In order to participate in the GunBroker Member forums, you must be logged in with your account. Click the sign-in button at the top right of the forums page to get connected.

First BP pistol

gotstolefromgotstolefrom Member Posts: 1,479 ✭✭✭✭✭
I'm considering my first BP purchase and I am interested in a pistol.
I have a question regarding reproductions of the 1858 New Army pistols, which have a topstrap. Reproductions of earlier models do not have a topstrap. Is there any strength function here in terms of charge capacity ?
In looking through literature on this type of weapon, I see the " 44 Walker" which could be loaded with 60 grains of powder. It is difficult for me to consider a loading greater than this in a pistol, topstrap or not.
ANY enlightenment would be appreciated.
Thank You


  • 62fuelie62fuelie Member Posts: 1,069 ✭✭✭
    edited November -1
    That Walker load explains why it was the most powerful revolver until the .357 mag in the 1930's. The repros of the 1858 Remington range from very good to awful. Buying a reputable brand helps to ensure better quality. Mine is a Uberti stainless steel. One thing I like about it is that I can shoot it then just take the grips off and slip it into the dishwasher(when the wife isn't looking)let it dry from residual heat and oil it. With either the 1858 Remington or the 1860 Colt repros you need to respect the design was intended for BP only. Loads should be kept to the equivalent of 30 grains of fffp with the round ball. The Ruger New Army is a more modern design and much stronger, but pricier. I don't know what their load parameters are.
  • allen griggsallen griggs Member Posts: 35,143 ✭✭✭✭
    edited November -1
    fuelie is right, if you want the strongest and well made repro, get the Ruger. No longer made but readily available.

    On the other hand the Ruger is not really a reproduction, no gun like that ever existed in the 19th century. It has adjustable sights etc.
    But if you are not bent on 100 percent historical accuracy the Ruger is a great gun, I wish I had one.
  • 44caliberkid44caliberkid Member Posts: 925 ✭✭
    edited November -1
    All Remington reproductions have a top strap. always have. Colt repros, whether 1847, 1851, 1860,or 1861, do not have a top strap. That is just the Colt design. There is no difference in stregth with or without the top strap. The Walker is a massive horse pistol that has a cylinder that will hold a 60 grain charge (and it doesn't have a top strap, being a Colt design) but shooting charges that big can stretch the wedge slot, so most folks just use 40 grains or less. All 44 caliber cap and ball revolvers shoot just fine with a 30 grain charge. The advantage of the top strap is accuracy. They have better sights and a frame mounted barrel like a modern revolver.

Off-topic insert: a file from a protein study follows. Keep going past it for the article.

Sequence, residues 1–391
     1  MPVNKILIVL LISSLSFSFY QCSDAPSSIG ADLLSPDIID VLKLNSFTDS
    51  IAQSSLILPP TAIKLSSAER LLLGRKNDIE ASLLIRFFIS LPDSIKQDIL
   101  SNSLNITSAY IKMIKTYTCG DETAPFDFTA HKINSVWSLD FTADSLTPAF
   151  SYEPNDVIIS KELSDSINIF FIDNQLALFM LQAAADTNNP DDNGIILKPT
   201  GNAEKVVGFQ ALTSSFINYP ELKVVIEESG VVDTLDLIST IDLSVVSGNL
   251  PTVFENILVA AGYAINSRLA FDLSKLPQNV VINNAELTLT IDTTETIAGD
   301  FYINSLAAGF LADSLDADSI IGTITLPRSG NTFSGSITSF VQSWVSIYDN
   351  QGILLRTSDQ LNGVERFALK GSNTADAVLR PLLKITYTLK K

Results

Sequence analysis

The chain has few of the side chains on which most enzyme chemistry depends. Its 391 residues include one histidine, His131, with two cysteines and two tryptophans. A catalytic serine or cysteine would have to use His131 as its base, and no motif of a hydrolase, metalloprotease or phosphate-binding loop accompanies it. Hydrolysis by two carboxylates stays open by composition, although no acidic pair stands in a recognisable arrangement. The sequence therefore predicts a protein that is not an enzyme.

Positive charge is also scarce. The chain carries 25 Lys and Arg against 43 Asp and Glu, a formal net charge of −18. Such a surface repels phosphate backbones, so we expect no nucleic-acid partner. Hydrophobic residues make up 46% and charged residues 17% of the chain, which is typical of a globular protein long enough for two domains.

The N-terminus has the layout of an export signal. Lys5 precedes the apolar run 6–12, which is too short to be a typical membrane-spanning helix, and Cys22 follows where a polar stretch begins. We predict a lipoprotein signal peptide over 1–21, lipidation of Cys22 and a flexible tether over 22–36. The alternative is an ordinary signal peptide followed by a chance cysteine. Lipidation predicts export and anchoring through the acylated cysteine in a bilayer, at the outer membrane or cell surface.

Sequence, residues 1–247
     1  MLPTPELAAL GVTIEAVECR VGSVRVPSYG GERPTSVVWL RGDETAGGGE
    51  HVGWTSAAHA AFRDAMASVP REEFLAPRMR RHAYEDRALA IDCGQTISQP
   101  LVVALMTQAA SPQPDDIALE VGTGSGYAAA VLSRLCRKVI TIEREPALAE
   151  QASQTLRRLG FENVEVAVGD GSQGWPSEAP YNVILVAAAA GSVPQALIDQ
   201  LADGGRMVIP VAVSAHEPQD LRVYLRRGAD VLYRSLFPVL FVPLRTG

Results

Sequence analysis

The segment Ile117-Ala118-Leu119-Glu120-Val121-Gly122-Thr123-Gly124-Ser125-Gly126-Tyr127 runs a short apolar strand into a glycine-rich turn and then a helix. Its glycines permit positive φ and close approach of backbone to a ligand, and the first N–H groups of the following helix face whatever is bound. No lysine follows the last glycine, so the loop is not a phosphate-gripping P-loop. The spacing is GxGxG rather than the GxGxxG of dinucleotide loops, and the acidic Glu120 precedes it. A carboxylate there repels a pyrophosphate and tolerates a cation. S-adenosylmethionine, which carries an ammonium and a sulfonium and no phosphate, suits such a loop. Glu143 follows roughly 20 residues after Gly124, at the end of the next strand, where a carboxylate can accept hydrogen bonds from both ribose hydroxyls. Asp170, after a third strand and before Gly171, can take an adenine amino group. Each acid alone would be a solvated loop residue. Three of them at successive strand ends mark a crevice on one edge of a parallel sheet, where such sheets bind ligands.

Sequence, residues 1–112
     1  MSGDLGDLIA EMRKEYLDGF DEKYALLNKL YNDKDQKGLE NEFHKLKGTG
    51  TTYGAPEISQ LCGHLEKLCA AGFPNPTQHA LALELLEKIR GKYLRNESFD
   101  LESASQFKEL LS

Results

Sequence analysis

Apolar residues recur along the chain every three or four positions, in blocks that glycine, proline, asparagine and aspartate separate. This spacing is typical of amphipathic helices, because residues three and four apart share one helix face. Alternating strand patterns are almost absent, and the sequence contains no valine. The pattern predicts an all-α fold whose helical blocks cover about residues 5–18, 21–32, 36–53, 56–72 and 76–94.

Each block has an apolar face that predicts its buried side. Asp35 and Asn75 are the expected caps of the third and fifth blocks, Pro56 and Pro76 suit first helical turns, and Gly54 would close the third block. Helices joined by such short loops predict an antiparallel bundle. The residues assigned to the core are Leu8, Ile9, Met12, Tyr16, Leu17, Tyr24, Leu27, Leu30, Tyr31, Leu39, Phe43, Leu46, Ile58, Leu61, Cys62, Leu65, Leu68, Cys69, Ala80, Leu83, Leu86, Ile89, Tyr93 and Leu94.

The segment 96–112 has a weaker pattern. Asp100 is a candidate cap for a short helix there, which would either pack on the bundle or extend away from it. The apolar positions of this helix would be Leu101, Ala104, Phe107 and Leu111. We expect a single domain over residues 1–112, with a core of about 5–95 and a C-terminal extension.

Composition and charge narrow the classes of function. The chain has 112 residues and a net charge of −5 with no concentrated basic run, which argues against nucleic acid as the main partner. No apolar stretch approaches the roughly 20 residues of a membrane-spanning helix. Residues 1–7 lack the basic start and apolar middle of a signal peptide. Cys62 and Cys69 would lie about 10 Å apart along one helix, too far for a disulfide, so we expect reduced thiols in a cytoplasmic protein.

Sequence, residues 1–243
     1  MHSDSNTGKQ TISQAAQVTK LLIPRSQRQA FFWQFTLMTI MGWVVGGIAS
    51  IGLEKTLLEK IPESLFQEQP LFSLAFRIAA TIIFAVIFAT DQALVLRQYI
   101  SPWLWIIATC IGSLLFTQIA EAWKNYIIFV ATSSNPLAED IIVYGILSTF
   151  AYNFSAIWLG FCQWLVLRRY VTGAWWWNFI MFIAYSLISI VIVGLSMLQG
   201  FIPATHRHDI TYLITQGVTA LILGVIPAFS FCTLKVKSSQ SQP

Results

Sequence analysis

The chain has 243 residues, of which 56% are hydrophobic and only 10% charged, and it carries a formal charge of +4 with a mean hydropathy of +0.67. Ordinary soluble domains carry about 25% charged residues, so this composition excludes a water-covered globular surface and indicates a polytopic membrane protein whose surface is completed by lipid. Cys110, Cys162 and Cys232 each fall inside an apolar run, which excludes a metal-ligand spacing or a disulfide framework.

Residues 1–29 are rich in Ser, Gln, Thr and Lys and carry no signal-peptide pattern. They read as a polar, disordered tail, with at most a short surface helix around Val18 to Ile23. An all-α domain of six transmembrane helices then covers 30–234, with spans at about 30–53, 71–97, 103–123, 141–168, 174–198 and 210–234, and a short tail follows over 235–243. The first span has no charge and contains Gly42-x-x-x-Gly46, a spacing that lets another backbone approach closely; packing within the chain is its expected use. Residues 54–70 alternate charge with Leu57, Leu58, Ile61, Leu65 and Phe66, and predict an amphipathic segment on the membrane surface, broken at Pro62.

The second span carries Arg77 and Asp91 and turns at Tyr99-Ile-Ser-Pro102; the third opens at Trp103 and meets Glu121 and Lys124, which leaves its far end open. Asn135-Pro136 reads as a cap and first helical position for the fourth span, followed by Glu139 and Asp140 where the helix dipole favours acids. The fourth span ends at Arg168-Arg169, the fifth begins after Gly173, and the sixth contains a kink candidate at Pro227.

A Uberti or Euroarms 1858 New Model Army would be an excellent choice for a first C&B pistol.
  • flyingcollieflyingcollie Member Posts: 197 ✭✭✭
    edited November -1
    What do you want to do with a BP pistol? That Walker .44 was intended for cavalrymen to be able to blow ground troops to smithereenies at short range. It's not a target pistol. Open top Colt's repros are not at all problemtic if they are well made, but it would be a good idea to stay away from brass frames . . . the 1861 Navy (.36cal) is considered to be the ultimate perfectly balanced pistol for snap-shooting . . . gunfighter style. Any road, a cap and ball revolver is a ton of fun to shoot. Read other threads in this forum, there's a lot of good info on 'em here ! Enjoy !
  • centerfiremancenterfireman Member Posts: 70 ✭✭
    edited November -1
    i have had a Ruger "Old Army" for over 30 years. They are very reliable, very rugged and extremely accurate (especially with an adjustable sight model). Though they are not reproductions of any specific historical firearm, they look similar and would be an excellent suggestion for getting started in BP handgun shooting.
Sign In or Register to comment.